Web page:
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Spiral wrack

Fucus spiralis


Fucus spiralis is olive brown in colour and similar to Fucus vesiculosus and Fucus serratus. It grows to about 30 cms long and branches somewhat irregularly dichotomous and is attached, generally to rock, by a discoid holdfast. The flattened blade has a distinct mid-rib and is usually spirally twisted without a serrated edge, as are to be seen in Fucus serratus, and it does not show air-vesicles, as Fucus vesiculosus.


Rocks at the beach

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arlanda 6 years ago

Thanks Mark

Mark Ridgway
Mark Ridgway 6 years ago

Plant kingdom?

arlanda 6 years ago

Thanks Lisa, that's great!

LisaPowers 6 years ago

Congrats arlanda! This spotting was featured as one of our Project Noah Fun Facts!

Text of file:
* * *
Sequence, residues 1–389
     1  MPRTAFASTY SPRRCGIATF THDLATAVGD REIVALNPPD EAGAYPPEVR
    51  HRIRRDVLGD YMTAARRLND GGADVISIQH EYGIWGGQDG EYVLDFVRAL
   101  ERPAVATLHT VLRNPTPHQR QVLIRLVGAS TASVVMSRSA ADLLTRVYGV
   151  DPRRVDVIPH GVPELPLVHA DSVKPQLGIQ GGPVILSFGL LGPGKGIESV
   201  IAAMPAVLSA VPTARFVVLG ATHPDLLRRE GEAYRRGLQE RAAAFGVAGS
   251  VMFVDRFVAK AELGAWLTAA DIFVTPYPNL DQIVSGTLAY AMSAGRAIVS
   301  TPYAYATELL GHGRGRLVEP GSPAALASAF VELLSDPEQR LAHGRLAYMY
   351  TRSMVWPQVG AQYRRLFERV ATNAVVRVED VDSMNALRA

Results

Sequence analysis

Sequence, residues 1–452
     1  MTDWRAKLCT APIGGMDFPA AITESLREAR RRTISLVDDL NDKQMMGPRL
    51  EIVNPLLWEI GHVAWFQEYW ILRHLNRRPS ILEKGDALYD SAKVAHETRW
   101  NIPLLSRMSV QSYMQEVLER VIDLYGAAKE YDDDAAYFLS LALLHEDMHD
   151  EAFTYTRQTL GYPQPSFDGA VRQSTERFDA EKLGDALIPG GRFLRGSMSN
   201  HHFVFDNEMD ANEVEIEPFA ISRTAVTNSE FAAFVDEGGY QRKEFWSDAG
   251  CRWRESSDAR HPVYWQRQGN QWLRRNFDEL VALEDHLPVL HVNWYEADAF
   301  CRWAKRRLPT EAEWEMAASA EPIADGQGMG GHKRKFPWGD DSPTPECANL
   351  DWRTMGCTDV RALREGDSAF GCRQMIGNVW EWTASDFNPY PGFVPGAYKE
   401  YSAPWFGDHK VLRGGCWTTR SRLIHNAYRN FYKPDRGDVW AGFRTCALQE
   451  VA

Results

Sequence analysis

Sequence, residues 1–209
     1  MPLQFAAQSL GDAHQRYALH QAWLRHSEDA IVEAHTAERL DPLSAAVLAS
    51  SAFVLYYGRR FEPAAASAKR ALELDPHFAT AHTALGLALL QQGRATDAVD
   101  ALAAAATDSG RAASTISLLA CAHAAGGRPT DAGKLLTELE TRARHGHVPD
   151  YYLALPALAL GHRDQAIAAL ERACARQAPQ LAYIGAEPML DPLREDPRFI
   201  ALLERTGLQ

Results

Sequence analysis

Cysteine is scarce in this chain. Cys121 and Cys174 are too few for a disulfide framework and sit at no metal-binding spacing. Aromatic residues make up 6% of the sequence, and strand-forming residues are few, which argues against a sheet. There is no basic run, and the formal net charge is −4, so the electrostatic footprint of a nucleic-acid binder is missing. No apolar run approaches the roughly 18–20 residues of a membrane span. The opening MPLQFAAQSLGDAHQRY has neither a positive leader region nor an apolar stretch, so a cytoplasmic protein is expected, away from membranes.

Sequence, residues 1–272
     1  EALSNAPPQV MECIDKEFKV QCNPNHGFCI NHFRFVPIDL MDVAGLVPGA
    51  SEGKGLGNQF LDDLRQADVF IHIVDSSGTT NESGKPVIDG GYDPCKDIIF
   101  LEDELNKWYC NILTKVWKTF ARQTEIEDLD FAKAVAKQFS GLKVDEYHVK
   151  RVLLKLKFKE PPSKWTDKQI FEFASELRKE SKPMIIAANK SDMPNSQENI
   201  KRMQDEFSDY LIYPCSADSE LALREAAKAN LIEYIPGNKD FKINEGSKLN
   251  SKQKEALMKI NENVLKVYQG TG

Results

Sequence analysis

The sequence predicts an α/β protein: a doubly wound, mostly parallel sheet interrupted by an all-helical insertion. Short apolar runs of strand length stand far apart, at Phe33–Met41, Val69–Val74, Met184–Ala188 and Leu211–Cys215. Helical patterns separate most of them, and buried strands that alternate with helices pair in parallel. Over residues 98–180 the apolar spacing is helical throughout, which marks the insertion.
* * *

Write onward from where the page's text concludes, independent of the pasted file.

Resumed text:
Project Noah Fun Fact: The term seaweed is an informal term used to describe macroscopic, multicellular marine algae. These algae inhabit ocean waters that are close to the shore and receive plenty of sunlight. These plant-like organisms are not plants at all, but they do have the ability to photosynthesize. The modern study of marine and freshwater algae is called either phycology or algology. Seaweed is often used by humans as food, medicine, fertilizer, fuel and dyes.

Spiral wrack algae spotted by Project Noah member arlanda:

Spotted by

El Franco, Principado de Asturias, Spain

Spotted on Aug 27, 2013
Submitted on Nov 29, 2013

Spotted for Mission

Related Spottings

Rockweed Bladder Wrack Bladderwrack Bladder wrack or rock weed

Nearby Spottings

Spiral wrack Black Redstart, Colirrojo tizón Codium Furbellow


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